In the Journals

AAP outlines recommendations for umbilical cord care in newborns

The American Academy of Pediatrics Committee on Fetus and Newborn offered guidance on umbilical cord care for newborn infants in a clinical report published in Pediatrics.

“Despite significant global progress in recent decades, bacterial infections continue to account for approximately 700,000 neonatal deaths each year, or nearly one-quarter of the 3 million neonatal deaths that occur worldwide,” Dan Stewart, MD, FAAP, in the department of pediatrics at the University of Louisville, and colleagues wrote. “Although the magnitude of its contribution to these deaths remains uncertain, the umbilical cord may be a common portal of entry for invasive pathogenic bacteria, with or without clinical signs of omphalitis. Neonatal mortality associated with bacterial contamination of the umbilical stump may therefore rank among the greatest public health opportunities of the 21st century.”

After birth, the devitalized umbilical cord can grow bacteria and provides direct access to the infant’s bloodstream, the committee wrote. Bacterial colonization of the cord can lead to omphalitis and associated thrombophlebitis, cellulitis or necrotizing fasciitis. Various topical substances are used around the world to lessen the risk for infection. In high-resource countries, treatment has shifted toward dry umbilical cord care.

In the report, the researchers made the following recommendations:

  • When infants are born at home in a low-resource country, physicians may apply antimicrobial agents to the umbilical cord;
  • Infants born in hospitals or in high-resource countries should not have antimicrobial agents applied to the umbilical cord;
  • When the infant is born outside of a birthing center or hospital and in resource-limited populations, physicians should apply prophylactic topical antimicrobial agents to the umbilical cord;
  • At time of discharge, physicians should consider educating the parents about the signs and symptoms of omphalitis; and
  • Physicians should be diligent in reporting infections associated with umbilical cord care and establish a local reporting system to health care providers regarding omphalitis occurrence.

“The incidence of omphalitis reported in different communities varies greatly, depending on prenatal and perinatal practices, cultural variations in cord care, and delivery venue,” the authors wrote. “These disparate observations in different settings have resulted in divergent recommendations for cord care by the WHO, which advocates dry cord care for infants born in a hospital or in settings of low neonatal mortality and application of chlorhexidine solution or gel for infants born at home or in settings of high neonatal mortality.” – by Will Offit

Disclosure: The researchers report no relevant financial disclosures.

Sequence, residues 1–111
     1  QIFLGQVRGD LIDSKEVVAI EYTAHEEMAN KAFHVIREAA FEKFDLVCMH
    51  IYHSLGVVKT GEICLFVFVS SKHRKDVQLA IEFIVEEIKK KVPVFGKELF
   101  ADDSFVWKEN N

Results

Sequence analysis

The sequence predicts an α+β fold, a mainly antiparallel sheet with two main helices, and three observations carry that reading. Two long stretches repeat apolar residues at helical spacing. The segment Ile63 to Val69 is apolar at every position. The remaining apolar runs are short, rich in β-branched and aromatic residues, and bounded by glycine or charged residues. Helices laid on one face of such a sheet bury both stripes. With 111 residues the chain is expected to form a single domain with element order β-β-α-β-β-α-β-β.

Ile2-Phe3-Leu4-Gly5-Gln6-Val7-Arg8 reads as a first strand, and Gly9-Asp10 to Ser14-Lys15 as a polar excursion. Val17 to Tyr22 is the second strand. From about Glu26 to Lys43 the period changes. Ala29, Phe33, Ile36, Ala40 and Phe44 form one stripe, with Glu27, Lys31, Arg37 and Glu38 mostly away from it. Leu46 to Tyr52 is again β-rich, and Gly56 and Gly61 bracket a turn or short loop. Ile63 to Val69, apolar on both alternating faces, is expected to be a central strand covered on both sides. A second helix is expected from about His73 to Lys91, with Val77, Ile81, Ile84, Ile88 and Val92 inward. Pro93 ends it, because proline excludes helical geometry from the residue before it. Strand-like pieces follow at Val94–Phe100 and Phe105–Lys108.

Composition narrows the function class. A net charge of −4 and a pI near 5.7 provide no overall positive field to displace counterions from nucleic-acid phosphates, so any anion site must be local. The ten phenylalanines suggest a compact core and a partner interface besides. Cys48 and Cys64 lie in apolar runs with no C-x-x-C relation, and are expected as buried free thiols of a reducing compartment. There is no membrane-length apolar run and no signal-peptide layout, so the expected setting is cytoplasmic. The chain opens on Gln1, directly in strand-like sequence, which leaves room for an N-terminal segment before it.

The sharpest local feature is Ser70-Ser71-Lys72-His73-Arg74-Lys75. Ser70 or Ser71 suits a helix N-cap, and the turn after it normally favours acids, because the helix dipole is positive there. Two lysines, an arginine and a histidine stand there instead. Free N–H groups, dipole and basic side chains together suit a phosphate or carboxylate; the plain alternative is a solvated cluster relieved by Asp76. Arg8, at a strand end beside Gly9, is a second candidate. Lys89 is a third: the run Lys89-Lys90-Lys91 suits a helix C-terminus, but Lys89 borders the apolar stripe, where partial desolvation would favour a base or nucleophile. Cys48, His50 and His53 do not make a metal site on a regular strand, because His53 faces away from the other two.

The American Academy of Pediatrics Committee on Fetus and Newborn offered guidance on umbilical cord care for newborn infants in a clinical report published in Pediatrics.

“Despite significant global progress in recent decades, bacterial infections continue to account for approximately 700,000 neonatal deaths each year, or nearly one-quarter of the 3 million neonatal deaths that occur worldwide,” Dan Stewart, MD, FAAP, in the department of pediatrics at the University of Louisville, and colleagues wrote. “Although the magnitude of its contribution to these deaths remains uncertain, the umbilical cord may be a common portal of entry for invasive pathogenic bacteria, with or without clinical signs of omphalitis. Neonatal mortality associated with bacterial contamination of the umbilical stump may therefore rank among the greatest public health opportunities of the 21st century.”

After birth, the devitalized umbilical cord can grow bacteria and provides direct access to the infant’s bloodstream, the committee wrote. Bacterial colonization of the cord can lead to omphalitis and associated thrombophlebitis, cellulitis or necrotizing fasciitis. Various topical substances are used around the world to lessen the risk for infection. In high-resource countries, treatment has shifted toward dry umbilical cord care.

In the report, the researchers made the following recommendations:

  • When infants are born at home in a low-resource country, physicians may apply antimicrobial agents to the umbilical cord;
  • Infants born in hospitals or in high-resource countries should not have antimicrobial agents applied to the umbilical cord;
  • When the infant is born outside of a birthing center or hospital and in resource-limited populations, physicians should apply prophylactic topical antimicrobial agents to the umbilical cord;
  • At time of discharge, physicians should consider educating the parents about the signs and symptoms of omphalitis; and
  • Physicians should be diligent in reporting infections associated with umbilical cord care and establish a local reporting system to health care providers regarding omphalitis occurrence.

“The incidence of omphalitis reported in different communities varies greatly, depending on prenatal and perinatal practices, cultural variations in cord care, and delivery venue,” the authors wrote. “These disparate observations in different settings have resulted in divergent recommendations for cord care by the WHO, which advocates dry cord care for infants born in a hospital or in settings of low neonatal mortality and application of chlorhexidine solution or gel for infants born at home or in settings of high neonatal mortality.” – by Will Offit

Disclosure: The researchers report no relevant financial disclosures.